Assigning powerful women masculine qualities to negate their femininity was commonplace in the Tudor period
The actress Natalie Portman has attacked big budget Hollywood films for interpreting a feminist story as one with a ‘kick ass’ female character. And how right she is to do so. It is ridiculous and insulting to see 100lb women, barely strong enough to lift an egg cup, beating up extremely fit and muscular men. We can’t do that. It’s a lie. And how can that possibly help women?
The truth is these kick-ass characters reflect not feminism, but misogyny and ambivalent feelings towards real women who wield real power. Historically it has been considered unnatural for women to hold any position of dominance. It follows that women who seek power are also unnatural. This is signalled when you give such women masculine qualities that negate their femininity, and it is no coincidence they are frequently described either as barren, or abusive of children – a denial of motherhood.
This is commonplace in the writing of Tudor history. Take the life of the so-called Nine Day’s Queen, Lady Jane Grey, executed aged sixteen in 1553. From the eighteenth century her mother Frances Brandon was used as the counterpoint to the eroticised figure of female helplessness that Jane had become.
Elizabeth Tudor’s former tutor Roger Ascham, writing after Frances and Jane were both dead, had recorded that Jane had once complained to him that her parents – both her parents – were overly strict. This was the basis for turning Frances into an archetype of female wickedness. While Jane, (although married) was depicted as virginal, physically tiny (for which the evidence was invented) and gentle (rather in contrast to her ferocious writings) her mother was described as sexually predatory and domineering of men (for which the evidence was, again, invented), physically large (ditto) and cruel. It was said Frances’s hunger for power led to Jane’s death, a version of history that sends out a message that good girls are helpless, while bad ones are ambitious.
Similar themes are expressed in different ways in the stories of Frances’s great-grandmother, Margaret Beaufort, and Frances’s first cousin, Elizabeth I. In the seventeenth century Margaret was accused of plotting the deaths of the Princes in the Tower with sorcery and poison, in order to clear the way for her son, Henry Tudor. After Henry was crowned Margaret, “a subtle and politic lady”, became immensely powerful, and despite the lack of evidence to support the claims that she was a child murderer this crude misogynistic version of history is being recycled – in, for example, the BBC drama The White Queen, which additionally depicts Margaret as frigid. The negative associations of that in modern culture make it the new barren.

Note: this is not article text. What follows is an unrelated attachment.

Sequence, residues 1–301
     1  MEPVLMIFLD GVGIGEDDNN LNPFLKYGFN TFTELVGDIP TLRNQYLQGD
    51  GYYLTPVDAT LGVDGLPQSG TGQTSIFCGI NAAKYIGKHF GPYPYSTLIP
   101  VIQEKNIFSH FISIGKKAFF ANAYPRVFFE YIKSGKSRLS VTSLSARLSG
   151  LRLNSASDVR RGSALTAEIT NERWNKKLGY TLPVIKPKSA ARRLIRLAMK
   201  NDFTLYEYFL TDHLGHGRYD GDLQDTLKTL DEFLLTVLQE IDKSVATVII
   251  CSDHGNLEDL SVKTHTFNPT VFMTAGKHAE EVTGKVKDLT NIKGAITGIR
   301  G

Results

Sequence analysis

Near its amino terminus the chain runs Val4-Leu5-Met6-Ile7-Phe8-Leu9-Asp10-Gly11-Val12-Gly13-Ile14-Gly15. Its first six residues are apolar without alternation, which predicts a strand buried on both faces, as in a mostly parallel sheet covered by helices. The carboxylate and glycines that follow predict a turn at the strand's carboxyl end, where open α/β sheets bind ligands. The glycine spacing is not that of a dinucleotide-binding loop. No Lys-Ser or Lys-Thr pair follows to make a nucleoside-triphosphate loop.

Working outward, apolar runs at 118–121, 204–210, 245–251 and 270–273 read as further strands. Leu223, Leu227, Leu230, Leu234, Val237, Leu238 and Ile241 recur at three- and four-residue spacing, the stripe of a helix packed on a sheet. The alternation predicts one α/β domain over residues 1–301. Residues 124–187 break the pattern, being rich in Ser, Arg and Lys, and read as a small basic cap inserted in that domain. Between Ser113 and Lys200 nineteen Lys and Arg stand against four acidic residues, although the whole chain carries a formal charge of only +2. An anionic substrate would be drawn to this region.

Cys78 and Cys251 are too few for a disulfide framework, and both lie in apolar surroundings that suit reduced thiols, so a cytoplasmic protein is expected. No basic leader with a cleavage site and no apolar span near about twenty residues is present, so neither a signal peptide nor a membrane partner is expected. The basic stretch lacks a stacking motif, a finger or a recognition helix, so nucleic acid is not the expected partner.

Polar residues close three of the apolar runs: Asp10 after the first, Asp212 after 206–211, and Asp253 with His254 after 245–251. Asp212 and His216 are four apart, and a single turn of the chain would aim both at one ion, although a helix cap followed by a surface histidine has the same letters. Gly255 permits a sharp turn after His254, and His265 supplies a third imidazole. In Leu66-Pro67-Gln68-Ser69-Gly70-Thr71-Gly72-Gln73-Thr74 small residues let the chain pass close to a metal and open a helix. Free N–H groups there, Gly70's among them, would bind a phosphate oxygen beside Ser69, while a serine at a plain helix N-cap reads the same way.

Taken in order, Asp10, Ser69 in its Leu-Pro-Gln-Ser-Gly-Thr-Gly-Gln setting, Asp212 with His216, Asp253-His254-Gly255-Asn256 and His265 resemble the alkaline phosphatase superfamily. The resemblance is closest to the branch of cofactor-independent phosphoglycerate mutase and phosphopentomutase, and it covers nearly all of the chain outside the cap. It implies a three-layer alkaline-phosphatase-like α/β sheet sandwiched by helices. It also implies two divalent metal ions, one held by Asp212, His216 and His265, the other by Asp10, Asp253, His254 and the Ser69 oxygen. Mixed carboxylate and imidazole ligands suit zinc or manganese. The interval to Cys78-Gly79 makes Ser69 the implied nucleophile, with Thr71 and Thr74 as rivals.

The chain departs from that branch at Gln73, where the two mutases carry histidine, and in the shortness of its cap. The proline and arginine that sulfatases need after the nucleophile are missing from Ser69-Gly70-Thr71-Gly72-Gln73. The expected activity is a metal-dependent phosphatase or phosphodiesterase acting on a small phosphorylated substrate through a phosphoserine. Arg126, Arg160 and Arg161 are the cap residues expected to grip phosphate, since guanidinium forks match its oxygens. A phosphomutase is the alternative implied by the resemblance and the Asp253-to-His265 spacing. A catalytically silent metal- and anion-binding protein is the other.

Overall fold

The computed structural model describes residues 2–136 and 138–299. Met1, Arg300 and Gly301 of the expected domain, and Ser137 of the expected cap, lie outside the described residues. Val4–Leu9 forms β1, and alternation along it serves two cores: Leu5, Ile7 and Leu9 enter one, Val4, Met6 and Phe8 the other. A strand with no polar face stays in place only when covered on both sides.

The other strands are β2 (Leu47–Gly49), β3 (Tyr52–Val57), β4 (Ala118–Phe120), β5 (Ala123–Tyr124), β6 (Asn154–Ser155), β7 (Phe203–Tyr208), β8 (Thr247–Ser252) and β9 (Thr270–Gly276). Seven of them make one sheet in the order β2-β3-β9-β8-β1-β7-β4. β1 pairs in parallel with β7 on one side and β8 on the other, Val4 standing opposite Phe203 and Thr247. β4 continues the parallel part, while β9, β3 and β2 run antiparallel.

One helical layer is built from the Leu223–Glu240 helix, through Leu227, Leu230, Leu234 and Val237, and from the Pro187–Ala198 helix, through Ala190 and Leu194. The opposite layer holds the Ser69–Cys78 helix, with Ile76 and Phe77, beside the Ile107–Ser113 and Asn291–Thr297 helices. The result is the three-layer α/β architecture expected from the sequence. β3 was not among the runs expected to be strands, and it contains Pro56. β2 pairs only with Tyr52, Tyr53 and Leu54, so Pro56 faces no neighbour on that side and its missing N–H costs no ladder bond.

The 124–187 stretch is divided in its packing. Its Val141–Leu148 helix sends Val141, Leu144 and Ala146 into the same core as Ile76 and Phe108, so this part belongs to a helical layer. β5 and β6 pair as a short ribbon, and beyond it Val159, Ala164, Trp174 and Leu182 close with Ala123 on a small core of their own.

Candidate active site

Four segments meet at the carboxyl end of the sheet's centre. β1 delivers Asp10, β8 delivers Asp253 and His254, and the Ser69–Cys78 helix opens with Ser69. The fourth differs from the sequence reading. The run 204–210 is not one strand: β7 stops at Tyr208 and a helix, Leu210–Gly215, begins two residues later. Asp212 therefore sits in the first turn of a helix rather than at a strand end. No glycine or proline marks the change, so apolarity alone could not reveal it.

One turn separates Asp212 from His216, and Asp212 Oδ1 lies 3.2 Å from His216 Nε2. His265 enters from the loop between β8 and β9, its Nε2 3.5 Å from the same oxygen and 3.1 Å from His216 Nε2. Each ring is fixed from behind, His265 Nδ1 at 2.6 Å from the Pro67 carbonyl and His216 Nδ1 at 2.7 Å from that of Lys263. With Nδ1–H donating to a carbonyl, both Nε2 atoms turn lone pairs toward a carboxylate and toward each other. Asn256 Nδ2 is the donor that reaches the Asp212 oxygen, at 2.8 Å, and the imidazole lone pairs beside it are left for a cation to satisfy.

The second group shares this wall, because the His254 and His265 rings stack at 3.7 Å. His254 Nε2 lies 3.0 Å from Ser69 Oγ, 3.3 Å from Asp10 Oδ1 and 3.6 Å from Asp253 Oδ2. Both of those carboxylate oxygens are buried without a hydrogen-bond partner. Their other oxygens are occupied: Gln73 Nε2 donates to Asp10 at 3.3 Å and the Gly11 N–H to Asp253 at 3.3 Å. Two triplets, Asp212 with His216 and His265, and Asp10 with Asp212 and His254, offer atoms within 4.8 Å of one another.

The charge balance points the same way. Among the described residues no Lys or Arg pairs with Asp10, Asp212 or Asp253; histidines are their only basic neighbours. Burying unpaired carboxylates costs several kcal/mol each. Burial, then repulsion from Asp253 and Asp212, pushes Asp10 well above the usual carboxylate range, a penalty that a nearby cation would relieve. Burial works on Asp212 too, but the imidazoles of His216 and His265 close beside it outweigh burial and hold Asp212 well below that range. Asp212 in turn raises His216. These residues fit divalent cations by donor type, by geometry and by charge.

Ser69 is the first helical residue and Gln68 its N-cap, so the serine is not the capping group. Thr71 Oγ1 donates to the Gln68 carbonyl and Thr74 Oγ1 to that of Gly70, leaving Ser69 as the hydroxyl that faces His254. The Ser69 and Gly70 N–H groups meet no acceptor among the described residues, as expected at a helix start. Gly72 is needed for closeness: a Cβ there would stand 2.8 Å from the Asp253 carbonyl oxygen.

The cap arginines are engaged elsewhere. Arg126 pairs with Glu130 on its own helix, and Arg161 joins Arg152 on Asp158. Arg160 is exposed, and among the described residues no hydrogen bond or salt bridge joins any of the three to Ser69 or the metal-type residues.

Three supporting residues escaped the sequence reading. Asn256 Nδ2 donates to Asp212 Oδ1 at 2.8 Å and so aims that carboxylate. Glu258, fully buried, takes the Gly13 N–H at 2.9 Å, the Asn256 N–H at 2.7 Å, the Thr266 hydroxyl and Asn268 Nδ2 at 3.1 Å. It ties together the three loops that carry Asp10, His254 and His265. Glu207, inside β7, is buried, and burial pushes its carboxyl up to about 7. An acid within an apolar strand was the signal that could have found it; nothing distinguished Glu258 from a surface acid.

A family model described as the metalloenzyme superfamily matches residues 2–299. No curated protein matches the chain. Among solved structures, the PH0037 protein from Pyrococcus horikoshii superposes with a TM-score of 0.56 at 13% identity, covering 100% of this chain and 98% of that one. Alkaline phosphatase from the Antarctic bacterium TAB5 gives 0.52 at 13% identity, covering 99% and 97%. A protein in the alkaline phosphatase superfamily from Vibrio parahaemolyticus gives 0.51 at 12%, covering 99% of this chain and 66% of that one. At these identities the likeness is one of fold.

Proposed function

Queen Elizabeth – a ruling Queen – had to contend even during her lifetime with rumours that her sexual organs were deformed. It was on this basis, in 1985, that a doctor went so far as to claim she was genetically male: a theory that persists, supported by such “evidence” as Elizabeth’s mental toughness. And what of our more recent female ‘rulers’? Remember the Spitting Image TV show puppet of Margaret Thatcher in a pinstripe suit smoking a cigar? These depictions have origins that go all the way back to child killing Amazons of Greek myth, and the hirsute Virago. The kick-ass heroines of Hollywood films are not examples real women can follow, because they are not real women. As the Church teaches: women are equal to men but different. In flyweight lipsticked warriors Hollywood writers and directors, far from expressing a feminist storyline, are in danger of re-cycling old misogynistic stereotypes, and thank you Natalie for voicing this at last.